Just a few days ago on The Briefing we looked at a story from Kentucky that made the point that family law is constantly now evolving. It is no longer stable precisely because the family unit, the family structure in America, is now, to use the terms of that report, constantly evolving. And here we have further evidence of that. Now we also see that what we’re looking at is a repudiation of the decision handed down by the state of Alabama’s Supreme Court. It was a unanimous ruling by the U.S. Supreme Court that states must honor adoptions by same-sex parents, even if they move across state lines. Now this raises a host of issues. The issue from my consideration today: I think the primary worldview consideration is not whether this particular ruling was right or wrong, it is rather the fact that this ruling was inevitable given the Court’s decision last June in the Obergefell decision legalizing same-sex marriage. The point is this: Once the Supreme Court had redefined marriage to mean that a man and a man or a woman and a woman could be legally wed in all 50 states on the same basis as a man and a woman, then the Court set the stage for this as an inevitable consequence.

This is something we also need to watch in terms of worldview analysis when we look back at the Obergefell decision last June. Many of us were saying at the time, this is a moral revolution. It’s turning marriage upside down. It is a basic revision not only of marriage unprecedented in human history, but eventually of—wholesale—the family structure. And that’s exactly what we’re seeing here. The legalization of same-sex marriage by the U.S. Supreme Court did not begin this moral revolution. Nor will it end it. But it did become a very important turning point, and it will accelerate this moral revolution, a revolution that will transform the family—redefine the family—right before our eyes. That’s exactly what we see in a unanimous ruling just this week by the U.S. Supreme Court. A ruling that was—here’s that word again—inevitable given the direction set by a majority of that court back last June in the Obergefell decision.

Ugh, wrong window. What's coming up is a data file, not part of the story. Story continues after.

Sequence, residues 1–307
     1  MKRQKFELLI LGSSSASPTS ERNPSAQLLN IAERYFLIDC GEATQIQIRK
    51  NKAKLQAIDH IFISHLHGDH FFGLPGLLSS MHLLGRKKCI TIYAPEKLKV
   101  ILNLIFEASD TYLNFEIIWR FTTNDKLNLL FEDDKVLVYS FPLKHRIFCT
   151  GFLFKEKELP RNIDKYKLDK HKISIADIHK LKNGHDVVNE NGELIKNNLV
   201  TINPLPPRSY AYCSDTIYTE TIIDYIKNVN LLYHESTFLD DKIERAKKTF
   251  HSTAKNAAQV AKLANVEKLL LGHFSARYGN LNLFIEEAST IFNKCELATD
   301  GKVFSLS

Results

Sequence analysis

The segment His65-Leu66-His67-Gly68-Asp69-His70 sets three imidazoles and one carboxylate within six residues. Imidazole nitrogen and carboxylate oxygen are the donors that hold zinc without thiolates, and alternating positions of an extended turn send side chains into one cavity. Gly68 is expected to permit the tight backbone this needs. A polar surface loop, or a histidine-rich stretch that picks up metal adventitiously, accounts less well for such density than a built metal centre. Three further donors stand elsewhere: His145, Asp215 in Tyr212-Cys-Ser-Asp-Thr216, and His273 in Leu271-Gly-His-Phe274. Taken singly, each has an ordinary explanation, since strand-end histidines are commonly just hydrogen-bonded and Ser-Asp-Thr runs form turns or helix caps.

Back when the Supreme Court handed down that decision, conservatives were told this isn’t going to change everything. The defenders of traditional marriage were told this is just an adjustment in the definition of marriage; and the Court’s majority itself said this doesn’t change everything, just the definition of marriage. But there is no such thing as “just the definition of marriage.” Marriage is too basic. It is too fundamental. When you redefine marriage, you eventually redefine the family utterly in a project that isn’t close to being finished, but which led to a unanimous ruling just this week from the U.S. Supreme Court, in this case awarding custody rights to the divorced party in a same-sex marriage. That tells you a great deal about where this moral revolution is headed, and the very fact that we aren’t seeing the end of it anywhere in sight yet.

"Bachelor gap" created by sex-selective abortion sociologically and morally objectionable

Shifting to China, a very important article appeared in recent days in the New York Times. It’s by Somini Sengupta and it is entitled,

“The World Has a Problem: Too Many Young People.”

It has to do with the fact that many demographers, sociologists, and political scientists—not to mention others—have been watching the fact that there is a huge boom in young people around the world and that’s disproportionate. It’s especially true in the so-called emerging or developing world, and it’s very true in a nation such as China—add to that its neighbor, India. As Sengupta writes,

“Already, the number of Indians between the ages of 15 and 34 — 422 million — is roughly the same as the combined populations of the United States, Canada and Britain.”

That’s just young people in the nation of India. But then Sengupta writes,